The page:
I found the original article:
The Mail on Sunday (London, England)
, May 29, 2005 p18
Sophie and Edward 'very worried' over Louise eye surgery dilemma. Full Text:
COPYRIGHT 2005 Solo Syndication Limited
Byline: LAURA COLLINS
THE Earl and Countess of Wessex are facing a growing dilemma over the health of their baby daughter.
Lady Louise Windsor was born with exotropia, a rare eye condition that requires surgery to correct it when permanent, as appears the case with Louise.
The Mail on Sunday understands that Edward and Sophie
have been made aware she will need such an operation and that it should be carried out before her second birthday in November to maximise her chances of proper vision.
But the decision to go ahead with the surgery is one that Edward and Sophie
have yet to make.
According to one well-placed source: 'Louise is now 19 months and has been old enough for the operation for some time but Sophie
is understandably very worried about the prospect of her baby having an operation and in particular having a general anaesthetic.'
Exotropia is a divergent squint in which one eye turns outwards. To correct it the muscles on either side of the eye are adjusted to bring it back to the centre.
Louise has already undergone a string of tests during the first months of her life to rule out any sinister cause for the squint.
Dr Nick Astbury, President of the Royal College of Ophthalmologists and a leading paediatric eye surgeon, said: 'You've got to be a bit careful and think about the underlying cause of any squint. It may just be one of those things, or there may be a family history, or there may be something badly wrong with the eye so you have to investigate all these things and rule them out before taking the next step.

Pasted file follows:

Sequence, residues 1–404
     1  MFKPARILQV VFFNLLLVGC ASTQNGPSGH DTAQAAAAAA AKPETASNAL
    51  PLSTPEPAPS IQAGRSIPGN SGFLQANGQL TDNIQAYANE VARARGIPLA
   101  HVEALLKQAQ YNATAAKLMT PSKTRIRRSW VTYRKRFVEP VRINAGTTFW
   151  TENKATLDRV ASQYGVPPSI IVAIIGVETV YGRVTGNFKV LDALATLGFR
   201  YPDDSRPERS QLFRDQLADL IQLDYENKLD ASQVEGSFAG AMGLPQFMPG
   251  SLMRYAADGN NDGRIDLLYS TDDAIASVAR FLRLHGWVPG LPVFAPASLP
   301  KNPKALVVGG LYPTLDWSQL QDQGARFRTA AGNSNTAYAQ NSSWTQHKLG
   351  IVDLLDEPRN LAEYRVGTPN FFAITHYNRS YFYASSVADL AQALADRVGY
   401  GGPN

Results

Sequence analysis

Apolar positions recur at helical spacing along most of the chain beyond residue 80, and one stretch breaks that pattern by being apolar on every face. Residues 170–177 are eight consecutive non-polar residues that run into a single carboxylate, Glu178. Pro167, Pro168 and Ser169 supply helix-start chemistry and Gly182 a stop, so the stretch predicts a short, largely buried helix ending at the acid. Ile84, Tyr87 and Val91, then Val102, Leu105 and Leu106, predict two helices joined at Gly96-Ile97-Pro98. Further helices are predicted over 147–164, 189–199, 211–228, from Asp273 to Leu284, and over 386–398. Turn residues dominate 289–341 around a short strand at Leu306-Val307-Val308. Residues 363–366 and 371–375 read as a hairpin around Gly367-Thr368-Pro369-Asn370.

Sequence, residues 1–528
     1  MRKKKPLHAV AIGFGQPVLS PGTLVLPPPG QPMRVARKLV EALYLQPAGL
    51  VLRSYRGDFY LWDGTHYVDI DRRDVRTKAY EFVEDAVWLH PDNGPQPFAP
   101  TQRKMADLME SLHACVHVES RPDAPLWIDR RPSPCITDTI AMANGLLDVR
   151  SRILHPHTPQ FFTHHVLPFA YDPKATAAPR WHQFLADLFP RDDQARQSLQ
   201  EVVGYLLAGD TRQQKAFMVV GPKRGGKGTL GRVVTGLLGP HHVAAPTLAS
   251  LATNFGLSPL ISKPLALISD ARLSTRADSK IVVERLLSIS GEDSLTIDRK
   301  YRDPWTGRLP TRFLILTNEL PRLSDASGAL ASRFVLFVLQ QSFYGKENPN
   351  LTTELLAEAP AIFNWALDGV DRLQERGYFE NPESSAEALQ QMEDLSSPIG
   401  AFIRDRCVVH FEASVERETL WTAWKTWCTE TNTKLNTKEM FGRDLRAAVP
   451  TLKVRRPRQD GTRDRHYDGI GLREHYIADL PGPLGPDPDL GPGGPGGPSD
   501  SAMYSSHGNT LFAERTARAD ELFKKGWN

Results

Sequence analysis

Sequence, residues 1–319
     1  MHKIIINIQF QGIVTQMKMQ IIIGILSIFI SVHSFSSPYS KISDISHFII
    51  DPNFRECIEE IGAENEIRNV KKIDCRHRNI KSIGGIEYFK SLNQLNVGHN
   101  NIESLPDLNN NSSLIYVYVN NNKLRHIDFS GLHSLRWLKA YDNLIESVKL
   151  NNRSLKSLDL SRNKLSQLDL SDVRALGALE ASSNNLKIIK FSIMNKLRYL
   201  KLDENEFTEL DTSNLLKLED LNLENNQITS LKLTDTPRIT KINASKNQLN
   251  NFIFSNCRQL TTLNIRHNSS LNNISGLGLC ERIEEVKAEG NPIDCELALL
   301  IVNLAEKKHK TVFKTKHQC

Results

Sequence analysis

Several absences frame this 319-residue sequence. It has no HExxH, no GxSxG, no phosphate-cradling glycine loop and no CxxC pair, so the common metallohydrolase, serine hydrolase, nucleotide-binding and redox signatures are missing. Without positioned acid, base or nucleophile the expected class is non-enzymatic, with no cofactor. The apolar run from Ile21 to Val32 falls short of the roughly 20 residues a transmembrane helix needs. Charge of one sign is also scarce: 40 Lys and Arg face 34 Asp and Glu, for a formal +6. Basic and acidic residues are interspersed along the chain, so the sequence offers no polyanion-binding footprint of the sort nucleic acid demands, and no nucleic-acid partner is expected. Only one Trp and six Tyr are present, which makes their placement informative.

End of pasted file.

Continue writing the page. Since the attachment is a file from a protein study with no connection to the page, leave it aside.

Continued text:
'If it's permanent then you have to think about surgery and once you've established there's nothing sinister behind it you would generally wait until it was safe to do an anaesthetic which is any time after six months'
Louise, eighth in line to the throne, was a much longed-for child for Edward and Sophie
, who suffered the heartbreak of an ectopic pregnancy two years before Louise was conceived She was born four weeks prematurely in an emergency caesarean operation during which Sophie's
life was in peril. She lost nine pints of blood through internal bleeding and was said to be just 20 minutes from death.
distress her daughter who weighed just 4lb 9oz, had to be transferred almost immediately for specialist care at St George's Hospital, in Tooting, South London, while she had to remain 35 miles away in Frimley Hospital, Surrey, for another 16 days.
has told friends recently that she is trying to step back a bit from public life and confine herself as much as possible to duties close to home, prompting speculation that she and Edward are trying for another baby.
One associate said: 'Sophie
and Edward are besotted with Louise.
is 40 and though she's incredibly young-looking, she's conscious of her age. Trying for another child is certainly something she has mentioned.'
The past few months have been a remarkably stressful time for Sophie
, who has borne her troubles with the sort of stoical reserve that has seen her win both the Queen's approval and affection.
As well as the worry over Louise's treatment, her mother, Mary Rhys-Jones, 71, underwent surgery to remove a tumour from her colon last week. She is recuperating in Kent and Sussex Hospital, Tunbridge Wells.
But according to one friend: 'Sophie
is a pragmatic and tough girl. She'll get through whatever has to be done. She's been through some rough times before.
'She may very well be anxious but she won't show it and she won't shy away from making difficult decisions.' Last night a spokesperson for the Earl and Countess refused to comment, saying only: 'Lady Louise is a minor and as such I'm afraid we don't make any comments in relation to her.'